BEIJING — Donald Trump could not have been clearer in his election campaign: China is cheating the United States out of millions of jobs, and will be forced to behave through dramatically higher tariffs if necessary.
And the Trans-Pacific Partnership (TPP), an ambitious trade deal involving a dozen Pacific Rim countries, would represent “the death blow” for American manufacturing, according to Trump. The first pledge in his seven-point plan to rebuld the American economy is to withdraw from that deal.
Yet in China and around Asia on Thursday, it was almost as if Trump’s election victory hadn’t happened.
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The powerful lower house of Japan’s parliament went ahead and ratified the TPP, while its stock market rose nearly 7 percent, more than erasing the previous day’s declines. Shares in China rose, too, up more than 1 percent to recoup earlier losses, and the Communist Party argued that the big picture of Sino-U.S. relations wouldn’t change.
“After all, election language is still election language,” the party newspaper , the People’s Daily, said in an editorial that argued that expanding trade relations had proved mutually beneficial to both countries.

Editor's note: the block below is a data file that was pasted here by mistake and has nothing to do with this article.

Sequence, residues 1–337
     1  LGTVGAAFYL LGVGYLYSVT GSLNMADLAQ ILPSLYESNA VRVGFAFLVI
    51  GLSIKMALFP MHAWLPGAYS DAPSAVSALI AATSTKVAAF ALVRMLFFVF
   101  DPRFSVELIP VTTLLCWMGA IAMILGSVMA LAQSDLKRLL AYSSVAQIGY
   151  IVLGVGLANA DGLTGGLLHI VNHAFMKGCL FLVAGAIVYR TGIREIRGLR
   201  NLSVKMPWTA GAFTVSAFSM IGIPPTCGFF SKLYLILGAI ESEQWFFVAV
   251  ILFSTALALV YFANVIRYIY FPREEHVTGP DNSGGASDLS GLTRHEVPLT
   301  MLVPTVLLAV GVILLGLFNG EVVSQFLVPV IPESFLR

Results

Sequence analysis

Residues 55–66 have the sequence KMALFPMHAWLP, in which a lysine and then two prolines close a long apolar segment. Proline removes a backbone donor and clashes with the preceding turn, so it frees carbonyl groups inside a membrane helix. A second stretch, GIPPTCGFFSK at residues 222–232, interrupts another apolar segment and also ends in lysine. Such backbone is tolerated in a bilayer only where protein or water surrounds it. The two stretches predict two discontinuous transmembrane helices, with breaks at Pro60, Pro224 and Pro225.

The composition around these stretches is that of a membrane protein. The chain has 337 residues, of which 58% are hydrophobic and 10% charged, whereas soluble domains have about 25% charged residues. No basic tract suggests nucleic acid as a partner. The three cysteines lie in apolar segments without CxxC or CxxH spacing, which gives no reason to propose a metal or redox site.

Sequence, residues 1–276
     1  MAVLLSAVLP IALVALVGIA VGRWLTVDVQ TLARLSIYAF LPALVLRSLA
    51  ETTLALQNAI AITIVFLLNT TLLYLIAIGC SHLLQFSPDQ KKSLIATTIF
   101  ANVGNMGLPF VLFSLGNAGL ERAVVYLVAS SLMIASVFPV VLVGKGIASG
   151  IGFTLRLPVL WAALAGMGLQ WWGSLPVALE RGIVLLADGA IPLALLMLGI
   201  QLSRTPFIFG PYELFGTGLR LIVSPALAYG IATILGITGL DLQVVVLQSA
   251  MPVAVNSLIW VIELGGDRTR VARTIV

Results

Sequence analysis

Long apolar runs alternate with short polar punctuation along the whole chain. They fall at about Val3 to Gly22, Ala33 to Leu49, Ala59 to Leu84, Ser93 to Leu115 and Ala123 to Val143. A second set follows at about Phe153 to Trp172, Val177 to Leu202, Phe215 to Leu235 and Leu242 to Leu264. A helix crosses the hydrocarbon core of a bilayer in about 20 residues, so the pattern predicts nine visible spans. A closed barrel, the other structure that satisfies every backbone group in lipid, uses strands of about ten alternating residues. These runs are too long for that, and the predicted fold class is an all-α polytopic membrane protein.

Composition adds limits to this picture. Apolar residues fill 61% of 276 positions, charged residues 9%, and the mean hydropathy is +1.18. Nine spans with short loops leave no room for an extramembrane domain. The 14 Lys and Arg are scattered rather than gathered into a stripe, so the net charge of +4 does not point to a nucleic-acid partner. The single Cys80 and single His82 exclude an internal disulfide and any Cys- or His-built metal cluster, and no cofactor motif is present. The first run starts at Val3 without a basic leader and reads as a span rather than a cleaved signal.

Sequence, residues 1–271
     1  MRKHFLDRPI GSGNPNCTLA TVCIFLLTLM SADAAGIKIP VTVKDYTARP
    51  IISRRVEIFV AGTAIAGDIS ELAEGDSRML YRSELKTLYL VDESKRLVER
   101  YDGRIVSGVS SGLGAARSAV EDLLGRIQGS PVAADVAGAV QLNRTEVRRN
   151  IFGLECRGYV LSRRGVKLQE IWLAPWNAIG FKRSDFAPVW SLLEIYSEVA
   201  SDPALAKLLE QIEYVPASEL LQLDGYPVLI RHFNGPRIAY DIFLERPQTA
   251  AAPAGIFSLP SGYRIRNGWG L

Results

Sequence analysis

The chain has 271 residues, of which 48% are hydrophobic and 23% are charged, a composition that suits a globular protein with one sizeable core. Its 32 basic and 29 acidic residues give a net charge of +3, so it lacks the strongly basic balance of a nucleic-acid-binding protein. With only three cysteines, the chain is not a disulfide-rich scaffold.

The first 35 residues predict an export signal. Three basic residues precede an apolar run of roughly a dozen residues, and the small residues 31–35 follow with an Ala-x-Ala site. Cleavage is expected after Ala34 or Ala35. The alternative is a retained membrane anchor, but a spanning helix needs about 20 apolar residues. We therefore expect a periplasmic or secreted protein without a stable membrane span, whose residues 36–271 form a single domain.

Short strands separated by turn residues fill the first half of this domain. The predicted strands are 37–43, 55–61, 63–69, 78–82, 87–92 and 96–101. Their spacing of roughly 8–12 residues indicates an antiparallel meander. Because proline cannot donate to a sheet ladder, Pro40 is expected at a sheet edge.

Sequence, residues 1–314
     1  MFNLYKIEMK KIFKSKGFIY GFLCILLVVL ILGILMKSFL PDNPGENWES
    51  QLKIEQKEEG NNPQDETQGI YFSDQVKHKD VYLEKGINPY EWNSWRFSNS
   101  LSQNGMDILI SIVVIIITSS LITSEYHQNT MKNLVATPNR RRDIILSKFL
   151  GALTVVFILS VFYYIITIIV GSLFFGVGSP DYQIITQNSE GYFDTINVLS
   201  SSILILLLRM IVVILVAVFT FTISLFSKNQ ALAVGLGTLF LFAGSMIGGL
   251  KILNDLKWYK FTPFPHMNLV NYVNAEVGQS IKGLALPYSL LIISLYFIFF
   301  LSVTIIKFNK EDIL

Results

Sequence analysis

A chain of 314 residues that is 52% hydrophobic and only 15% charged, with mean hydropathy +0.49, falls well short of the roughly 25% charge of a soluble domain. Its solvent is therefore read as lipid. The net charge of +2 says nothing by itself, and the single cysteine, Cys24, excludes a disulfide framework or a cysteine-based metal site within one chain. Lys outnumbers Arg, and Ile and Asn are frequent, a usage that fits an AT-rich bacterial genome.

“Rational people realize that after decades of development, economic and trade cooperation has become the brightest spot in Sino-U.S. relations.”
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Several Chinese economic and trade experts took a similar view. Following through on a threat to impose tariffs of up to 45 percent on China would be “unrealistic,” said Tu Xinquan, director of China Institute for WTO studies at the University of International Business and Economics in Beijing.
“Trump is a businessman and he’s not that stupid,” he said.
Those sentiments were echoed by experts at Gavekal Dragonomics in Beijing, who argued that tariffs would harm the very people Trump had vowed to defend — working class American consumers — and spark retaliation from China that would hurt U.S. businesses.
“This makes it an empty bluff, one that Beijing has doubtless already seen through,” they wrote in a client note.
The American business community in China, whose massive investments here could be dramatically disrupted by a trade war between the two nations, also pointed out that campaign commentary was not government policy.
“The president-elect will get absolutely nothing done and create much uncertainty if he carries through with his campaign rhetoric on trade and China,” said James Zimmerman, chairman of the American Chamber of Commerce in China. “The president-elect and his team will quickly realize that it’s important to work with China, given that our two economies are more and more interdependent and integrated.”
Such optimistic commentary also emerged from the British business community in the wake of that country’s vote to withdraw from the European Union — the government, some business leaders argued, would not be so stupid as to withdraw entirely from the Single Market. Yet five months later, just such a withdrawal, known as Hard Brexit, looks increasingly likely.